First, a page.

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‘The Nu Republic’ No More

How do you say kaddish for a magazine that lived to be 100 years old?

Because that is precisely what many fans of The New Republic are doing, as well as engaging in the more of-this-world-ly act of cancelling their subscriptions.

By now, everyone in the literary world and blogosphere is aware of what has happened: in the wake of new owner Chris Hughes’ reorganization plan for the venerable magazine, there was a wave of departures, editor Franklin Foer; Leon Wieseltier, its literary editor since 1983; and 28 of The New Republic’s staff and editors. They include such luminaries as Adam Kirsch, Jeffrey Rosen, Judith Shulevitz, Paul Berman and Sean Wilentz.

Of course, it is premature to say that The New Republic has died. Its current owner and editor have assured the public that it will continue, albeit in a different form and, no doubt, with different priorities. But the departure of those editors and writers has signified nothing less than the gutting of the magazine, and it is therefore more than excusable to imagine its demise.

That this happens within weeks of the magazine’s celebration of its centennial year is more than ironic; it is tragic. The departure of those editors has done to The New Republic what even the notorious Stephen Glass scandal couldn’t do: serious, perhaps irreparable damage.

And why should the literary world be hearing kaddish at this particular time? It is because Jews have a particularly powerful reason to be sitting shiva for The New Republic.

The truth is that The New Republic was the only secular (by which I mean, not published under Jewish auspices) magazine in America that could be depended upon to take Jewish issues seriously. Many of the aforementioned departed writers have made significant contributions to American Jewish life and letters.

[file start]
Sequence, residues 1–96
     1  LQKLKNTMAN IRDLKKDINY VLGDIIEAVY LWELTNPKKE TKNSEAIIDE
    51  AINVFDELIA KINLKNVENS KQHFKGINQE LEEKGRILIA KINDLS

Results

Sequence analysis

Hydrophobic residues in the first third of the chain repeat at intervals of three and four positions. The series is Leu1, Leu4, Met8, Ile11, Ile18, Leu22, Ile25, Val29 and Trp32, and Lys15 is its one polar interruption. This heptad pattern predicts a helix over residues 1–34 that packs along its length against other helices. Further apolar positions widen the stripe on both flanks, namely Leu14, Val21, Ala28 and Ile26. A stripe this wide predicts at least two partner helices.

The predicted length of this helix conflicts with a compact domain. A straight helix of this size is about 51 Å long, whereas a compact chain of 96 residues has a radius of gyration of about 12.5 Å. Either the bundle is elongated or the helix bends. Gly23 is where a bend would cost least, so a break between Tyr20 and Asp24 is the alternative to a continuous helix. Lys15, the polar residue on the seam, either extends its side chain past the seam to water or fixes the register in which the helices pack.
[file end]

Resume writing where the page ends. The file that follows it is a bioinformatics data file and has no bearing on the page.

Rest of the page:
Adam Kirsch maintains a regular column of Talmud study, wrote a compelling biography of Benjamin Disraeli, and regularly contributes to Jewish intellectual discourse. Judith Shulevitz has written a gorgeous paean to the Jewish Sabbath entitled The Sabbath World: Glimpses of a Different Order of Time. Sean Wilentz writes extensively on Jewish influences in popular culture. Paul Berman wrote Terror and Liberalism, perhaps the most effective expose of the fascistic roots of current Islamic radicalism.

Nary a Jewish lightweight among them.

But the two people who were most responsible for the Jewish accent of The New Republic were former publisher and editor, Martin Peretz, and its now-departed literary editor, Leon Wieseltier. In fact, it was primarily through Peretz and Wieseltier’s “Jewish” writings that I first became a fan of The New Republic.

A “fan?” That is putting it too lightly, I fear. “Enamored” is more like it. As a long-time reader and writer for Jewish magazines, I was certainly accustomed to finding more-than-credible, even dazzling coverage of the Jewish world from within their covers. (Moment magazine, under the watchful editorial eye and vision of the late, lamented Leonard Fein, was probably the best).

But to have stumbled upon such full-throated defenses of Jews, Judaism and the state of Israel within The New Republic – particularly at a time when other liberal magazines had deemed such allegiances to be parochial, if not outright primitive – was nothing less than redemptive for me. I admit it: I fell in love. I became a New Republic groupie, to the extent that I often quoted Peretz and Wieseltier in my rabbinical sermons and teachings as much as, say, Maimonides. OK, probably more.